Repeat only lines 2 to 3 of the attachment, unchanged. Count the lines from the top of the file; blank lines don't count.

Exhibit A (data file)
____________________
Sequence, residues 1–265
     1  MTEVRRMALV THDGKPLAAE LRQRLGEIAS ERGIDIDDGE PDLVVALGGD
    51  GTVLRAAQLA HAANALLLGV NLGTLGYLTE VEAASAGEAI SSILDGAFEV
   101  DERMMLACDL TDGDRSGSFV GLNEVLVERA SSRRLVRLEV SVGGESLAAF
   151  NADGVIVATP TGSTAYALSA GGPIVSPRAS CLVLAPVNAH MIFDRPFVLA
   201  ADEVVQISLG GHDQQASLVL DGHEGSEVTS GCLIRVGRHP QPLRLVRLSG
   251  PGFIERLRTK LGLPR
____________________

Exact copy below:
     1  MTEVRRMALV THDGKPLAAE LRQRLGEIAS ERGIDIDDGE PDLVVALGGD
    51  GTVLRAAQLA HAANALLLGV NLGTLGYLTE VEAASAGEAI SSILDGAFEV